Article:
Removing sugar from your diet won’t ‘starve’ cancer. But research suggests cutting back on sugar may be a good idea.
If you’ve been told to cut out sugar because it “feeds” cancer, you’re not alone.
The research on sugar and cancer is compelling.
For about a century, researchers have known that cancer cells use glucose as their main source of energy. Research in mice has found that restricting glucose intake may help chemotherapy work better, slow cancer growth, and increase chances of survival.
Maybe you’ve also heard the buzz that ketogenic diets — which cut out sugar — have had promising anti-tumor effects in some people.
In reality, the connection between food and cancer is not that straightforward, and more research is needed. Here’s what we do know:
We don’t know for sure. Sugar’s role in the development of cancer is controversial.
In humans, we can only look at observational studies. Research from 2022 suggests that a high sugar intake is strongly linked to the development of cancer and its progression — including breast cancer.
The results in mouse studies are convincing. For example, in that study, the researchers explain how mice fed high sucrose or high fructose diets developed various types of cancer earlier and more often and had more cancerous cells in total than mice in the control groups.
Many studies on the effects of added sugar consumption examine people who consume a “standard American diet,” which is filled with processed foods and added sugar instead of vegetables, fruits, nuts, and other nutrient-dense foods.
“Added sugar” refers to sugar that’s incorporated into processed foods and includes sweeteners like corn syrup and table sugar.
The 2022 research review found that eating large amounts of sugar every week was linked with an increased risk of certain cancers, including breast cancer, colorectal cancer, and pancreatic cancer.
The researchers identified a few ways that sugar triggers inflammation, which earlier research from 2019 suggests is strongly linked with cancer development.
A 2020 study with over 100,000 participants found that high total sugar intake was associated with a 17% higher risk of overall cancer and a 51% higher risk of breast cancer.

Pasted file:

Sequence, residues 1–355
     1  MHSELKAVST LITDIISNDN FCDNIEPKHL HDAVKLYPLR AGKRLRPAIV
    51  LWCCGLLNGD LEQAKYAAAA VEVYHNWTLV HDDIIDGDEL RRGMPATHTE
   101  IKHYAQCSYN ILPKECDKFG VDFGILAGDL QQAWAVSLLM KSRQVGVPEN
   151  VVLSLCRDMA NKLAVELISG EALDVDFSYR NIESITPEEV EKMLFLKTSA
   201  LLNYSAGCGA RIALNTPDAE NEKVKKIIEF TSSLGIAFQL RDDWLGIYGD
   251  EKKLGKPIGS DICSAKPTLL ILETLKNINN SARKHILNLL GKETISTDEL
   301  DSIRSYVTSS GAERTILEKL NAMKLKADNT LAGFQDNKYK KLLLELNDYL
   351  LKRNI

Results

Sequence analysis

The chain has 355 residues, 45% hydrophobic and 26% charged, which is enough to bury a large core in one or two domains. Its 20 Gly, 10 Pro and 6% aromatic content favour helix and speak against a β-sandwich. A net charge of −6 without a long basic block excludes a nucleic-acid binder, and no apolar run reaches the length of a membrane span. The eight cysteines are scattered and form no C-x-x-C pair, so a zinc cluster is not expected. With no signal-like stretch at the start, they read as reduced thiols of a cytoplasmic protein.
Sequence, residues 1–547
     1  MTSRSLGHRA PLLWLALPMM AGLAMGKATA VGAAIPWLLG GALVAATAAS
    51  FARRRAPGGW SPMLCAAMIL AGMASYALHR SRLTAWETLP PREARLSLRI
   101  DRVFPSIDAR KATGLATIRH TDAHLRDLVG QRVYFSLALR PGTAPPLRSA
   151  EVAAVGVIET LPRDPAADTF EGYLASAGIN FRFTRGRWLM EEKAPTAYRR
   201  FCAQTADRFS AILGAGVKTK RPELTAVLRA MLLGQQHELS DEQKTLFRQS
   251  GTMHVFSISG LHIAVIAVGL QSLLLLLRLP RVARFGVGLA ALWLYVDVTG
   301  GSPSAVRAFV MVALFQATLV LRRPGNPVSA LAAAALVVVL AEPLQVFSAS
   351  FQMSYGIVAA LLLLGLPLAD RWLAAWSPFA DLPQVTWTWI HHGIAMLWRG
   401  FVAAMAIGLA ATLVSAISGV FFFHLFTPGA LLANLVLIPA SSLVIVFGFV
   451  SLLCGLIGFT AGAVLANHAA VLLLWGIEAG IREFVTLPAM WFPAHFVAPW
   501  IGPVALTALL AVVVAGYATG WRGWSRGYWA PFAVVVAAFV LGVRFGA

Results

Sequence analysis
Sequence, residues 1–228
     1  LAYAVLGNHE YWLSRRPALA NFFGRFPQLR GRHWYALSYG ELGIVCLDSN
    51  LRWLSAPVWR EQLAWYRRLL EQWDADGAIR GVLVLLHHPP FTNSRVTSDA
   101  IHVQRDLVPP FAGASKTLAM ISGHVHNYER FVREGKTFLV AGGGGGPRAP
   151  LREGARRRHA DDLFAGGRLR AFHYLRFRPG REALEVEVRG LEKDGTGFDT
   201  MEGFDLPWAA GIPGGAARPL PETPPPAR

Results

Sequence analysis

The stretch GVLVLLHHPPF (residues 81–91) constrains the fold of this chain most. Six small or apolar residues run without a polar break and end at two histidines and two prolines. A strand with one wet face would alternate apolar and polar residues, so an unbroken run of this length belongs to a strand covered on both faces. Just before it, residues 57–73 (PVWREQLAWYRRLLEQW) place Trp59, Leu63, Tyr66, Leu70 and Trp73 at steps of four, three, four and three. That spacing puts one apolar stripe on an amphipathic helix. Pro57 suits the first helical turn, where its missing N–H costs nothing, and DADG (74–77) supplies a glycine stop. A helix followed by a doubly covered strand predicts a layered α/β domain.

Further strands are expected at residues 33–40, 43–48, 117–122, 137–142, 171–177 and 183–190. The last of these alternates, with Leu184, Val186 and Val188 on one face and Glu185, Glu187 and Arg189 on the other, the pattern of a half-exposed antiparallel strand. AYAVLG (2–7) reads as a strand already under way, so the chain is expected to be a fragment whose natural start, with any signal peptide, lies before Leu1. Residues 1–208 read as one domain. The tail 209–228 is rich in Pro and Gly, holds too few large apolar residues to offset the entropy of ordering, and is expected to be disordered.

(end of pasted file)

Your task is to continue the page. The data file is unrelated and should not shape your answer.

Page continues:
Diets high in added sugar have also been linked with an increased risk of:
It’s not just added sugars that may be harmful. A high intake of natural sugars — like the sugar in fruit juice — has also been associated with an increased risk of cancer.
Some scientists have hailed ketogenic diets as a potential way to induce anti-tumor effects in people with cancer.
In ketogenic diets, you stop eating added sugars completely and strictly limit your carbohydrate intake. You do this while increasing your consumption of fats and eating typical amounts of protein.
This induces lower levels of glucose in your bloodstream. Your cells can adapt to this, but cancer cells have a tougher time.
Some researchers have proposed ketogenic diets as a potential complementary therapy for cancer, but clinical study results are mixed.
A 2022 research review found that ketogenic diets have had an anti-tumor effect in some cancer patients, while others found they had no effect at all.
The effects of ketogenic diets also appear to depend on the type of cancer.
So, while ketogenic diets may have an anti-tumor effect in some cases, they may not always help. More research on their effects and safety in people is needed.
It’s important to understand that your diet as a whole is what matters most when it comes to disease prevention.
A diet filled with ultra-processed foods and added sugars has been associated with an increased risk of many health conditions, including heart disease and cancer.
The same is true in reverse: Diets filled with nutrient-dense food like vegetables, nuts, and fish are associated with a prolonged life and reduced risk of health issues.
Occasionally enjoying your favorite sweet treat is not dangerous and won’t put your health at risk if the majority of your diet is made up of whole foods.
The American Heart Association recommends limiting sugars to 6% of your daily calories. That’s about 6 teaspoons for women and 9 teaspoons for men.
Keep in mind that many popular foods and drinks contain multiple teaspoons of added sugar per serving. For example, a 12-ounce can of Coke contains 39 grams of added sugar, which is nearly 10 teaspoons. So just one can of soda can put you over the recommended amount.
Here’s how you can cut back on the sweet stuff:
You don’t need to overhaul your diet overnight. At the end of the day, it’s important to focus on your diet as a whole.
You can start by focusing on one piece of your diet that you feel needs the most work. For example, if your current breakfast is a pastry and coffee with sugary syrup, try swapping it for eggs with a side of fruit and coffee with monk fruit sweetener.
Working with a healthcare professional like a registered dietitian can also help you get started.
You can find recommendations and share your own low sugar swaps in the Bezzy BC community forums.
Medically reviewed on October 24, 2023
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